Red-Eyed Tree Frogs
Last Updated: Jun 17, 2015
The humid rainforests of Costa Rica are home to the vibrantly colored red-eyed tree frog, also known as the red-eyed leaf frog or gaudy leaf frog. The body of this iconic amphibian is lime green with blue and yellow striped flanks and with white along the underbelly and inner legs.
Despite their striking coloration, red-eyed tree frogs are not poisonous. The most prominent physical characteristic of Agalychnis callidryas is their bright red eyes. This vivid eye color is a natural defense against potential predators known as startle coloration. If disturbed, the frogs open their large red eyes and expose their brilliant orange feet. Birds and snakes are often so startled by the sudden flashes of color that they hesitate momentarily, allowing valuable seconds for the frog to escape.
This species of frog is arboreal and rarely descends to the ground. Their feet are equipped with tiny suctions disks which enable them to move with ease along leaves and branches. Red-eyed tree frogs are excellent jumpers and climbers and are well-suited to their life above ground. Nocturnal carnivores, they camouflage themselves in the rainforest canopy and ambush insects, moths and occasionally smaller frogs using their long, sticky tongues.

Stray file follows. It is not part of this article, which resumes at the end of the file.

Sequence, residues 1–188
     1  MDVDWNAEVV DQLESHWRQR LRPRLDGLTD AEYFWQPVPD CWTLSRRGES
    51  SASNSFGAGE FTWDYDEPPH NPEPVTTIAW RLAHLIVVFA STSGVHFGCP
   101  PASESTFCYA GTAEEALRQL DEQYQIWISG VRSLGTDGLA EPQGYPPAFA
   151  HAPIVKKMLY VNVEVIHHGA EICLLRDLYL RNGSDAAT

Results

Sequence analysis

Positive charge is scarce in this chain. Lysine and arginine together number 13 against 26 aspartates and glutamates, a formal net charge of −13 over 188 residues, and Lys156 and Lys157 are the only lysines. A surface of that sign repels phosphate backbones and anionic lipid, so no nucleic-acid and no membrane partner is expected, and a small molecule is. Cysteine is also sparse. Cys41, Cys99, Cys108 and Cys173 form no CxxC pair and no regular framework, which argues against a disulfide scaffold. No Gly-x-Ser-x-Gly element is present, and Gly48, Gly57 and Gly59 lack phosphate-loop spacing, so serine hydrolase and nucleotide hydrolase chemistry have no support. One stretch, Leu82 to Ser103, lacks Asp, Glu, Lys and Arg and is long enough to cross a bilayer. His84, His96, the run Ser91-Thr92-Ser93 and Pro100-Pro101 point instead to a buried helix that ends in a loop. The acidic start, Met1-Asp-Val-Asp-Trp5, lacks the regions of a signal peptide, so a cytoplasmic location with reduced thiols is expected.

Red-eyed tree frogs are found in the neotropical rainforests of southern Mexico, throughout Central America, and in northern South America. They are common all over Costa Rica and can be spotted in the lowland rainforests of Tortuguero National Park, along the Central Pacific Coast in Manuel Antonio National Park and in the cooler regions of the Monteverde Cloud Forest Reserve.
Breeding occurs between May and June, during the beginning of the rainy season. Males chirp loudly in an effort to attract females, and mating eventually takes place under a leaf where the smaller male latches on to a female, fertilizing her clutch of 30-50 eggs.
In about a week, the tadpoles hatch and move about until they drop off into a puddle of water below, where they will mature into frogletts. The metamorphosis process can take up to 80 days. Once the frogs are completely developed, they take to land and spend the rest of their lives as tree-dwelling creatures. Red-eyed tree frogs typically live four to five years in the wild.
Status in the Wild:
Natural predators of the red-eyed tree frog include bats, spiders, birds, snakes, turtles and lizards. Agalychnis callidryasis not endangered in the wild. However, deforestation, global warming and contamination continue to shrink their habitat. Red-eyed tree frogs, like all amphibians, are commonly thought to suffer from environmental effects much earlier than other species. They are therefore considered an indicator species which alert humans to environmental changes worldwide.